Americans have always been willing to move to look for better economic opportunities, and this willingness to relocate is a big factor in U.S. prosperity.
Yet while everyone is free to move to look for a better life, not everyone takes advantage of the opportunity to the same degree. Some overdue changes in unemployment insurance could improve the mobility of less-educated Americans, narrow their earning gap with better-educated workers, ease unemployment and reduce income inequality.
Today, about 40 percent of U.S. households change addresses every five years. A significant number relocate to a different city. About 33 percent of Americans reside in a state other than the one they were born in.
Geographical mobility has been decreasing over the past decade, but it is still remarkably higher in the United States than in Europe and other developed countries. Despite the history of geographical readjustment in this country, there are vast differences in the propensity to relocate. The more education a person has, the more mobile he is. College graduates have the most mobility, high school graduates less and dropouts the least.
This lack of mobility has large economic costs. Consider the uneven economic performance of U.S. cities. Some cities - Austin, Boston, San Francisco - are growing quickly, attracting innovative employers and adding well-paying jobs. Other cities - Detroit and Buffalo, for example - are falling behind, shedding jobs and population. As the economic fortunes of communities grow apart, the financial benefits of moving keeps increasing, but only some people exploit this opportunity.
At the peak of the Great Recession in 2009, unemployment in Detroit was 18 percent, while unemployment in Iowa City, about 500 miles west, was only 4.5 percent. Even in more normal times, unemployment in Detroit is typically higher than the national average, but although college graduates are streaming out of Detroit, the flow of high school graduates and dropouts is much slower.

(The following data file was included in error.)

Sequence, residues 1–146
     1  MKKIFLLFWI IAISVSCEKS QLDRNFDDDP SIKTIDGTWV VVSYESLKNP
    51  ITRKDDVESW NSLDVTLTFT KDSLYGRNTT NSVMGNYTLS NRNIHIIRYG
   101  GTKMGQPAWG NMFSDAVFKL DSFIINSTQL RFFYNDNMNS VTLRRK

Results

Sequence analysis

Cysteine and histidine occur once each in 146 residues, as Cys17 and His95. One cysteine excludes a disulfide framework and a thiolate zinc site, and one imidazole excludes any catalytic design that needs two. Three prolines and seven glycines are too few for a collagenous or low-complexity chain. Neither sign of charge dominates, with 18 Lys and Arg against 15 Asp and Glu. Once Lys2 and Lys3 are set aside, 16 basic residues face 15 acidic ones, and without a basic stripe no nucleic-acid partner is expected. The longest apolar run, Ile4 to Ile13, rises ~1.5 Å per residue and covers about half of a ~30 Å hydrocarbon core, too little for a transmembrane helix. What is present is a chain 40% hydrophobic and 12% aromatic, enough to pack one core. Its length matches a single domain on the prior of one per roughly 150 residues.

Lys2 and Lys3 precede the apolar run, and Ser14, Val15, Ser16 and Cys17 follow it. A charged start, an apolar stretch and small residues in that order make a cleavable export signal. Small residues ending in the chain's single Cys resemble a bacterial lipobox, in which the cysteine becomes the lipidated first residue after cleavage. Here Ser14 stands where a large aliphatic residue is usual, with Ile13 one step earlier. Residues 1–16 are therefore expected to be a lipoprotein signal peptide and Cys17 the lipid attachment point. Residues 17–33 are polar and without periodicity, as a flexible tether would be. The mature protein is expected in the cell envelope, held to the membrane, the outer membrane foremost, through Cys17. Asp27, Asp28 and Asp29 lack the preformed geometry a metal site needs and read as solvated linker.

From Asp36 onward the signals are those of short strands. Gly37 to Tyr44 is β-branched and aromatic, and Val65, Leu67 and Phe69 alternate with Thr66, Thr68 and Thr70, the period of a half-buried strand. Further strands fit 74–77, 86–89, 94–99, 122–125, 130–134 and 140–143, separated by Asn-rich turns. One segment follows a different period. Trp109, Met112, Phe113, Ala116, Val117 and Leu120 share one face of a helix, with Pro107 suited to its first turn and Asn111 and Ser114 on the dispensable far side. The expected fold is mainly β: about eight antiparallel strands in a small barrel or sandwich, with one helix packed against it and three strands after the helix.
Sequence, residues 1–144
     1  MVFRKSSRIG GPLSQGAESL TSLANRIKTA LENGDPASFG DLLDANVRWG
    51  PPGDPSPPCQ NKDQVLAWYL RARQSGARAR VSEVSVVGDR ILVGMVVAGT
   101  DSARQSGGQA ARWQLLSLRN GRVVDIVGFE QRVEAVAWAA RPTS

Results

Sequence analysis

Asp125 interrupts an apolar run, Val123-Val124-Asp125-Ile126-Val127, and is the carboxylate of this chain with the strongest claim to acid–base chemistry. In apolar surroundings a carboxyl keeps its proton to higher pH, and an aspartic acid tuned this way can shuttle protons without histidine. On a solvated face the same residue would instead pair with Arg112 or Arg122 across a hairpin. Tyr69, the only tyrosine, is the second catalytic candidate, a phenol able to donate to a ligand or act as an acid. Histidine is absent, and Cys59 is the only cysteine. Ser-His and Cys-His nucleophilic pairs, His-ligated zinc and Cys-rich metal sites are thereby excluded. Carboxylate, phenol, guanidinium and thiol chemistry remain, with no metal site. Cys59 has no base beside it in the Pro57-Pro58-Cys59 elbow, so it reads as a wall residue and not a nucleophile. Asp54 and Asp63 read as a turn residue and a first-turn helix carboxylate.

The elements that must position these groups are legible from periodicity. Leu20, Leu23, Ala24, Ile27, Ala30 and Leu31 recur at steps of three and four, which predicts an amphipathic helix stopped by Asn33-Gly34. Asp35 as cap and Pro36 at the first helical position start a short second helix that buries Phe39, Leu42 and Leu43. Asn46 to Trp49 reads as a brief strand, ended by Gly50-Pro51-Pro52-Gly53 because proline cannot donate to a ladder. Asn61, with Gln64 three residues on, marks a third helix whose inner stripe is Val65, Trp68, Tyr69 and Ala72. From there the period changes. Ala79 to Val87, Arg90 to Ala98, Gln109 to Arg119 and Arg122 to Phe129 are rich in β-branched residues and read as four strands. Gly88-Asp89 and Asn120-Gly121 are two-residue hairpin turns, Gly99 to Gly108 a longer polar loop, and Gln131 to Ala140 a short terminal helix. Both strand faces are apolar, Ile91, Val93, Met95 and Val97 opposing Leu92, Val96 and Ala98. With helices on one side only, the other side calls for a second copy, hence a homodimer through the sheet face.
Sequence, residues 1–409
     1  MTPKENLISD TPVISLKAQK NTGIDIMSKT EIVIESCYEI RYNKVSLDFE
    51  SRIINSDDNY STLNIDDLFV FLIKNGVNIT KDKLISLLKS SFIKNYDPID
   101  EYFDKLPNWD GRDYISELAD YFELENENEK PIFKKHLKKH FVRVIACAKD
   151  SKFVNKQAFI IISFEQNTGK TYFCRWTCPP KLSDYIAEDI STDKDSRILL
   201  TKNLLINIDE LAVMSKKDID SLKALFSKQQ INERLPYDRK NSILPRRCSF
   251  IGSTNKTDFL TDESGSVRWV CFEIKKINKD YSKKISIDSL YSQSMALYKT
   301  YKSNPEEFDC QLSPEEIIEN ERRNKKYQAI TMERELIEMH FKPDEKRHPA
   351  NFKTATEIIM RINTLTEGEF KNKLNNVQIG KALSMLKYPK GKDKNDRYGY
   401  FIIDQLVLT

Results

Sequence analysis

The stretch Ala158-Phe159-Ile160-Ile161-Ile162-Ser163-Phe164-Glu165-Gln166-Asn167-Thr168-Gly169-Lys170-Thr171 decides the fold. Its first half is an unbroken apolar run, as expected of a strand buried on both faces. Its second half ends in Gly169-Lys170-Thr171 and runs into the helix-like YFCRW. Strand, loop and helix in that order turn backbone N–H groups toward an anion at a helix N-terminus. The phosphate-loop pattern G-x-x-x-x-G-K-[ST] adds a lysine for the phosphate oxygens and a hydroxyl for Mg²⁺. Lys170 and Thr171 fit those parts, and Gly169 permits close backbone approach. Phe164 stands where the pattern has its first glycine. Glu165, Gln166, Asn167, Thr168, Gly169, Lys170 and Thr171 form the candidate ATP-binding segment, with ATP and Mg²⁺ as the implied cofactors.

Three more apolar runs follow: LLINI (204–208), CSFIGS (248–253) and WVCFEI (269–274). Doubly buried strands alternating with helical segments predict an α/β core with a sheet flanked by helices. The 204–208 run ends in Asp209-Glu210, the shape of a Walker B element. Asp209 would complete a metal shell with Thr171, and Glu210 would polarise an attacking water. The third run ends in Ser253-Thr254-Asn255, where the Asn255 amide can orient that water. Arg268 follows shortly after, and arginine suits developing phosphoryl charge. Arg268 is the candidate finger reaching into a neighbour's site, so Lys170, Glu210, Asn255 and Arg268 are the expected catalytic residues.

Almost half of U.S. college graduates move out of their birth states by age 30, while only 27 percent of high school graduates and 17 percent of dropouts do. This is an important factor in the increasing income inequality in the United States. College graduates make 80 percent more than high school graduates - a difference more than double what it was in 1980 - and an increasing part of this gap reflects differences in mobility.
Government policies offer little help. If you are living off unemployment checks in Flint, Mich., you do not have a lot of incentives to move to a stronger labor market, such as Chicago, to look for a job because your housing expenses would double while your check would still reflect the cost of living in Flint.
But what if jobless people in areas with above-average unemployment rates received part of their unemployment insurance in the form of a mobility voucher that would cover some of the costs of moving to another area? Instead of encouraging out-of-work residents to remain in depressed labor markets, the government could provide incentives to some to relocate to stronger markets. This would help those workers - especially unskilled ones - who want to move but lack cash to cover upfront costs.
Some might fret that such vouchers could accelerate the exodus from shrinking communities - further depressing real estate values and hurting residents. But by increasing the number of workers willing to relocate, mobility vouchers would benefit both those who leave and end up with a better job elsewhere and those who stay and end up with a better chance of finding a job.
Such vouchers could be an additional payment beyond the current unemployment-insurance payment for those who leave areas with above-average unemployment.
The U.S. government already provides a limited relocation allowance as part of Trade Adjustment Assistance, a federal program that helps workers who have lost their jobs as a result of foreign trade.
It is time to extend the allowance to include all workers receiving unemployment insurance.
The national unemployment insurance system was introduced in the 1930s. It ought to be adjusted to reflect and correct the growing geographical disparities in the fortunes of U.S. communities.
Enrico Moretti is a professor of labor economics at the University of California at Berkeley and the author of "The New Geography of Jobs."